Organ donation is quite an issue: not donating means contributing to unsatisfied demand that will be met by organ traffickers who kill. As demography in the industrialized world pushes the bell curve to the right and we find ourselves saddled with growing proportions of the elderly, demand for fresh raw organs will continue to grow. On the other hand, while donors are legally prevented from selling organs, nothing prevents for billing for the organ one way or another. Now we can throw in religious traditions: what is the right thing to do for a Jewish patient? This religion requires the body to be intact for burial and organ donation would desecrate it; on the other hand, it is okay for a Jew to accept a donation because of the requirement to do everything to save a Jewish life. In such a case, is it ethical for a government to require a religion to modify its beliefs on pain of denial of transplant services? There is no easy answer here, if only because any physician, regardless of her/his religion, takes an oath to save lives without reservations. Period.

santeewelding
santeewelding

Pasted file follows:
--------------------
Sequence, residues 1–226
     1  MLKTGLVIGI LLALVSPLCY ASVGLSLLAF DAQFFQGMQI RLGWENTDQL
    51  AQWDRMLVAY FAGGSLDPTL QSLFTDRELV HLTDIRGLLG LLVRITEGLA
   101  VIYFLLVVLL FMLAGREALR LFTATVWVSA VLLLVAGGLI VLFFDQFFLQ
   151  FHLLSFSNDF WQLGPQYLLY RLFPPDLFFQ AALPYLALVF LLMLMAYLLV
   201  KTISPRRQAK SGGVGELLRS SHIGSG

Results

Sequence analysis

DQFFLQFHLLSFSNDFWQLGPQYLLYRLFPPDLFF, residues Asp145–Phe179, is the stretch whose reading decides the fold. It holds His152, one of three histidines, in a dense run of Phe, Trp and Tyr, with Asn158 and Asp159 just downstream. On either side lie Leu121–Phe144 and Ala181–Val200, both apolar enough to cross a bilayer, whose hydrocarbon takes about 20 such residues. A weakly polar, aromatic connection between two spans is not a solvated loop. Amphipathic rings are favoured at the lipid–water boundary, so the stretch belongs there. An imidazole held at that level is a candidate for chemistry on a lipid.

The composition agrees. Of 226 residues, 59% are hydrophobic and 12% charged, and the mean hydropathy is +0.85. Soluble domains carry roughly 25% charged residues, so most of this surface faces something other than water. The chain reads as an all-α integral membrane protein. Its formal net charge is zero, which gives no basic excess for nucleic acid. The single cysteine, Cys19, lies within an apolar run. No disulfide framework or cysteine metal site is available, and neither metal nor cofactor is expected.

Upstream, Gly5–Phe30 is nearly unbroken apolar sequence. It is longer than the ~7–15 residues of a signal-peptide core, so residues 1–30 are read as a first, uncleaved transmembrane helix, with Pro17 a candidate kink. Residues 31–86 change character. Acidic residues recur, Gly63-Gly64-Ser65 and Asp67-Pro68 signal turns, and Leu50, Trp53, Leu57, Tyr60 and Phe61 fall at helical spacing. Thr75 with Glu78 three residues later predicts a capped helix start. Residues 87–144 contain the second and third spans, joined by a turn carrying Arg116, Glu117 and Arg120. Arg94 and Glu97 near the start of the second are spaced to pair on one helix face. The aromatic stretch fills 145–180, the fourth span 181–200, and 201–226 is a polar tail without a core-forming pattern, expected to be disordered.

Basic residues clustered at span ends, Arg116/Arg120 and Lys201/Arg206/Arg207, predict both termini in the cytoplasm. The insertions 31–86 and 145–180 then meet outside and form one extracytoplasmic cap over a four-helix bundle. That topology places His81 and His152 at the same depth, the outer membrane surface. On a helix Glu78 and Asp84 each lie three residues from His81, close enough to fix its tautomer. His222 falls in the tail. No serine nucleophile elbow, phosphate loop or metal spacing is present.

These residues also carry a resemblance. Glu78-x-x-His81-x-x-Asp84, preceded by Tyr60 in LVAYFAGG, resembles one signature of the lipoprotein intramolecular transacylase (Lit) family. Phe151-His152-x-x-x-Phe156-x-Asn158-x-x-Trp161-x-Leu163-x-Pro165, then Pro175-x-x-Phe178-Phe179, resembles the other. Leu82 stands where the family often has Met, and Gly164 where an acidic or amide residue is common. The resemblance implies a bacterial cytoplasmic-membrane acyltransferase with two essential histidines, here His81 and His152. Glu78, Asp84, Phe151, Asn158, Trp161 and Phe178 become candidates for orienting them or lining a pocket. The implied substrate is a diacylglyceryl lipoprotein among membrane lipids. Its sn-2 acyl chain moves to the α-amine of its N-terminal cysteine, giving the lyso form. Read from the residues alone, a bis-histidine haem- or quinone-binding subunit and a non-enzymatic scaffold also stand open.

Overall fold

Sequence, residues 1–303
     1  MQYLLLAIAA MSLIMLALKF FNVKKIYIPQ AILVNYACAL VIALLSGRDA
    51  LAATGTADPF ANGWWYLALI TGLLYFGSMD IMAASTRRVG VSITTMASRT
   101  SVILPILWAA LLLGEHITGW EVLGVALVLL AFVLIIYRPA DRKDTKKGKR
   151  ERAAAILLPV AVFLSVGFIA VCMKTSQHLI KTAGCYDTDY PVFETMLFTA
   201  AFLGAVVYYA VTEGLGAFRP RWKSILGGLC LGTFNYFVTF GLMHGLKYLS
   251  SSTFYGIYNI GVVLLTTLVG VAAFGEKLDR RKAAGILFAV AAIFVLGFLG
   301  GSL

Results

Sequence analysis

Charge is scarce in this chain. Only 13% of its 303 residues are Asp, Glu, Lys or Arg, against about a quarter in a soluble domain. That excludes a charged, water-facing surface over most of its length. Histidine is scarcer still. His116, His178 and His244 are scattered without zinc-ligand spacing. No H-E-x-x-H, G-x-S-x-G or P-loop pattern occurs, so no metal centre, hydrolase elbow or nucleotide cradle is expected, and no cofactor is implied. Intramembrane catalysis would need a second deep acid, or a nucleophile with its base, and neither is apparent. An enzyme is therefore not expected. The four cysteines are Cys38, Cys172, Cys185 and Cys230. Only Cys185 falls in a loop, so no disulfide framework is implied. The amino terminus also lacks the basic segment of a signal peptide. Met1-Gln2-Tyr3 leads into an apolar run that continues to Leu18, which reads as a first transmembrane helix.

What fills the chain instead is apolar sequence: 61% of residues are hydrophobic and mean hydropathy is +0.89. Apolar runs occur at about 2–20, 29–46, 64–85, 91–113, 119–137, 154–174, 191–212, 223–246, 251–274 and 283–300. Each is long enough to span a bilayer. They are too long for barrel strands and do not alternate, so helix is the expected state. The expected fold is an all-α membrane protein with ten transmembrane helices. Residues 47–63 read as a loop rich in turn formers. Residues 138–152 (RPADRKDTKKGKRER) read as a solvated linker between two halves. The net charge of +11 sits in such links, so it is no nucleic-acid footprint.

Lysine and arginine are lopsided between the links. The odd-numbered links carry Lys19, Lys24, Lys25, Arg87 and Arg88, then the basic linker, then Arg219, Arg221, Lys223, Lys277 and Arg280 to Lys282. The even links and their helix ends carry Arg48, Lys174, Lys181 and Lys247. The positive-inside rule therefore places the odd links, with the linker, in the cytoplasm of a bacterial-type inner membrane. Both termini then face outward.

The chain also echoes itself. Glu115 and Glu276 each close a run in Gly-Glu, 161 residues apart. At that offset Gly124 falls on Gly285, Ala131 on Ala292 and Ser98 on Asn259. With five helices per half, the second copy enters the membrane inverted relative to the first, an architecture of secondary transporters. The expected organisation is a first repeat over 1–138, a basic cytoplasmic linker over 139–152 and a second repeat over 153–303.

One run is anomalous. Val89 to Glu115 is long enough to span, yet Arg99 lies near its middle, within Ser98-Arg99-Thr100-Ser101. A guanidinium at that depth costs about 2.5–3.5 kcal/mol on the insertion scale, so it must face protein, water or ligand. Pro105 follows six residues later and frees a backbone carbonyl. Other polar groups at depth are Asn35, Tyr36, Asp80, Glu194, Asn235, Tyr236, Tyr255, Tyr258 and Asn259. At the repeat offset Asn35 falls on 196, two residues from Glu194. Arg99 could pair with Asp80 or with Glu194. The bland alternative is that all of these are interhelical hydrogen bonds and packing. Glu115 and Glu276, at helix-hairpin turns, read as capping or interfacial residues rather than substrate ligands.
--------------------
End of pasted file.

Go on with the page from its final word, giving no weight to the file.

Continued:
You smuggle into the conversation aspects of life and death that few, if any, have reconciled for all.

JCitizen
JCitizen

Even though I find it difficult to believe the PRC leaves this as a voluntary option, I signed my donor card, and don't expect to survive such a situation, as I don't want to be a vegetable, or waste societies resources on saving a hopeless cause. Signing that thing might guarantee I might not make it with an unscrupulous ER unit; but I don't care; If I'm that far gone, I might as well kick the bucket. My body is broken enough without putting up with anymore suffering.

arthurborges
arthurborges

Read up on it in the USA: http://forums.plentyoffish.com/datingPosts9359375.aspx and: http://www.alzaytouna.net/arabic/?c=1519&a=97450 Note that US prisons are officializing their appetite for prisoner organs too: http://www.cbsnews.com/stories/2007/03/08/national/main2548860.shtml In the European Union, the law makes everyone a default donor; you have to come forward and assert your intention not to donate. However, many E.U. citizens still imagine the opposite. Organ trafficking is a growing industry. One piece of advice to everyone: if you donate blood, do it anonymously.

JCitizen
JCitizen